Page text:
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I don't know where you trained or who trained you but any "Professional" Electrician does NOT consider "getting shocked" part of the territory!!

Avoiding "Getting Shocked" is what professionalism in that business is all about!!

"Test BEFORE you touch" is ALWAYS a good idea in that business. After all, you are only dealing with your life............YOU decide what it worth!
When you work systems that are hot, troubleshooting for instance, it is inevitable that people get shocked once in a while. Pros wear cork shoes, they work with one hand. They are careful what they stand on. There are lots of habits that keep them safe. I have known guys that use their hand as a Wiggy to test if systems are hot. You have no idea what you are talking about.
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Old 07-16-2019, 01:03 PM   #17
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thanks to jmsokol for his remarks.
Safety is really important in the electrical trade.
I used to ride a service truck. We worked on commercial and industrial sites.
When a business is open and has customers, or we were working in a hospital, there is no such as shutting down the circuits we were working on.
Sometimes we worked on wiring that was not installed according to code. No one expects a green wire or a white wire to be hot when the hot wire is disconnected. Stuff happens. You try to be as careful as possible. The public has no idea what it is like to work with live electricity for a living.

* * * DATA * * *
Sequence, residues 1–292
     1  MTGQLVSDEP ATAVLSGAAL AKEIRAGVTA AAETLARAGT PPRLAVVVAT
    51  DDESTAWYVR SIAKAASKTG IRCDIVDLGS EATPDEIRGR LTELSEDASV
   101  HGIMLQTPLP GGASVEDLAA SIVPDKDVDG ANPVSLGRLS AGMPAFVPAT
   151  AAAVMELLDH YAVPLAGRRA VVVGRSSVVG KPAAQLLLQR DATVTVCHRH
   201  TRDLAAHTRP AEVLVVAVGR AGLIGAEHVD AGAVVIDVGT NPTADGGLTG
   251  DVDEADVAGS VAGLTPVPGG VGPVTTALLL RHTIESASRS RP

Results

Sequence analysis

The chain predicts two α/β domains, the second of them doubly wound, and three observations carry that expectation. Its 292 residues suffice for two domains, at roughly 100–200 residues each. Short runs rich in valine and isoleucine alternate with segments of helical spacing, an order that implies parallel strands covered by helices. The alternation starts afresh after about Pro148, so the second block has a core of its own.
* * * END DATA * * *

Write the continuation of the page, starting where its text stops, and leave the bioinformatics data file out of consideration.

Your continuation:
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Old 07-20-2019, 07:30 PM   #18
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Lots of comments and observations here and I appreciate the positive notes. FYI, I worked in residential electricity in the 70's, wiring new construction in Florida and later doing HVAC installations, repair of same and light commercial installations. I changed trades in the early 80's to aerospace/defense and retired as an engineer with General Dynamics (32 years).
I try to never take electrical safety awareness for granted. That being said, I am most often barefooted around my campsite and my last thoughts about this shore power (hot plug blade) was when I disconnected from the 50 amp pedestal at Eastfork lake after being there in the rain for eleven days! Which by the way, resulted in about a thousand ants swarming out of the receptacle of my EMS 50. What a mess that was.

On another note, I did contact FR and it is my fervent hope that they seriously address this issue with Cedar Creek fifth wheels manufactured around this time frame.
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Old 07-20-2019, 07:59 PM   #19
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The post OP got sidetracked in a hurry. I agree with the OP's comments. You don't know what might have happened, elderly with heart conditions, toddler or pet could have come in contact. Fact is that it was wrong and significant risk. But it would have only been a problem if a generator was hooked into the bypass, Is that right?
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Old 07-22-2019, 08:10 AM   #20
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The post OP got sidetracked in a hurry. I agree with the OP's comments. You don't know what might have happened, elderly with heart conditions, toddler or pet could have come in contact. Fact is that it was wrong and significant risk. But it would have only been a problem if a generator was hooked into the bypass, Is that right?
That is correct. With a generator (or any other external power source) hooked up to the transfer switch, the power was feeding back to the shore power connection instead of the camper load panel.